Kingston St Mary

  • St. Mary’s church

    Kingston is called ‘St Mary’ after its fine old church. Its high tower looks over the village.


  • Bench on the village green

    ..and today. The seat round the tree tells us why Kingston is a good place to live.


  • Fields on the edge of Kingston St Mary.

    It has rich soil, and plenty of water, which is good for farming.


  • Road sign in Kingston St Mary.

    There were good things under the ground too, like stone and slate. This lane led to a copper mine.


  • Old photo of Kingston St Mary.

    The copper in the soil gave a special taste to the apples grown in Kingston. People still enjoy a drink of cider at the Swan Inn. You can see the Swan Inn at the left of this old postcard.


  • Limestone milestone

    How many miles to Taunton?


  • Cob-built house

    The buildings help to tell us the story of Kingston.


  • Manor House

    There was plenty of good building stone around Kingston.


  • When the Manor House was a farmhouse, this building was a coach house with a granary above. In the 20th century it was changed into a house, but the pigeons’ nesting holes were kept.

    This house used to be a grain-store, a coach house and a home for pigeons!


  • The Grange

    This strange house includes parts of an old church.


  • Tetton House

    This 8-sided house is at the entrance to Tetton Park,


  • This row of 6 homes was built in the early 1800s, with a carriage-way through to the back.  It would have seemed a lovely ‘modern’ replacement for the old tumbledown cob cottages.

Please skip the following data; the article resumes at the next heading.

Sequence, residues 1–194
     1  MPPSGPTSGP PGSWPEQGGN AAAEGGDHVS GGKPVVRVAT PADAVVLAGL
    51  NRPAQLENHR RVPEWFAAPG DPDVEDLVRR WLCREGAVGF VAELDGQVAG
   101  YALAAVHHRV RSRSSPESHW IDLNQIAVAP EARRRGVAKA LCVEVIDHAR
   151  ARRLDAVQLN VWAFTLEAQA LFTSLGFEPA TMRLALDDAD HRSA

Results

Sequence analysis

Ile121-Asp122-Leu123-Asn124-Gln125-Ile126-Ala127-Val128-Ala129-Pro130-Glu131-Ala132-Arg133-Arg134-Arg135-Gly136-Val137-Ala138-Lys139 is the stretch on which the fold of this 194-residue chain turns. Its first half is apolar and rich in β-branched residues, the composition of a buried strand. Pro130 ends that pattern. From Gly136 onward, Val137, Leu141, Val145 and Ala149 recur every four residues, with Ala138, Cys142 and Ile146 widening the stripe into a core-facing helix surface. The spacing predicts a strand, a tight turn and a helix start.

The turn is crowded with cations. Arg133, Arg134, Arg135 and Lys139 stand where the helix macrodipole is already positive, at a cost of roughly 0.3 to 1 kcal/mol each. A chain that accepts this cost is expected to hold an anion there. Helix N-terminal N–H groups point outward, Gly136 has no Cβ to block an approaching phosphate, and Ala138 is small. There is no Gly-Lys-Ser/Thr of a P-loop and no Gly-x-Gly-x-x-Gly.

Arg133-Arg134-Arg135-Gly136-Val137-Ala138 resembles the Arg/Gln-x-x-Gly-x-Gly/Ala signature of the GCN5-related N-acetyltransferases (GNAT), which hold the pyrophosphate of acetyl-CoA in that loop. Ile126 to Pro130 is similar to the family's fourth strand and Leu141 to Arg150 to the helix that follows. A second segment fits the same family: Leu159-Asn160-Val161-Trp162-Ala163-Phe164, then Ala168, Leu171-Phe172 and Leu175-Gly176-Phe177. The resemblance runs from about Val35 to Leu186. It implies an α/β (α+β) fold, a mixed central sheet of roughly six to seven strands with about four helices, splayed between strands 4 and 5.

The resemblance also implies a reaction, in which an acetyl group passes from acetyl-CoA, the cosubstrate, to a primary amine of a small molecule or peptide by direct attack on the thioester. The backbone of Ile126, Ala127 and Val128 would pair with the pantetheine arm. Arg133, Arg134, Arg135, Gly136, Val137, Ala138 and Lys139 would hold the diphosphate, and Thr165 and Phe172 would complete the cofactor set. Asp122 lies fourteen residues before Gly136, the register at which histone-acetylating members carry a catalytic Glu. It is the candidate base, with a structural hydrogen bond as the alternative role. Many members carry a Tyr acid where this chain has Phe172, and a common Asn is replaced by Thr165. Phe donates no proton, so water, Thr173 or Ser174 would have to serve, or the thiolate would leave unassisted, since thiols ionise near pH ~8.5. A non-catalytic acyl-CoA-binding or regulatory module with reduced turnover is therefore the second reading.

In the middle of this row of cottages is the way in for a horse!


  • The Old Bakery

    There used to be more shops in Kingston.


  •  Local shops help keep small communities alive.

    Today this shop and post office is just an ordinary house.


  • Village Post Office

    But Kingston still has a post office.


  • When people started using cars and tractors instead of horses, many village blacksmiths became car mechanics instead.

    This used to be the Blacksmith’s. Horses came here to be shod. Now cars come here to be fixed!


  • The new village school

    At Mill Cross, outside the village, were a mill and a brewery.

    Here is the new village school.


  • Students from King Alfred’s college, Winchester have excavated sites around Kingston and Yarford. They have found evidence that people have lived and farmed here for thousands of years.

    Archaeologists looking for clues about the people who lived here before the village began.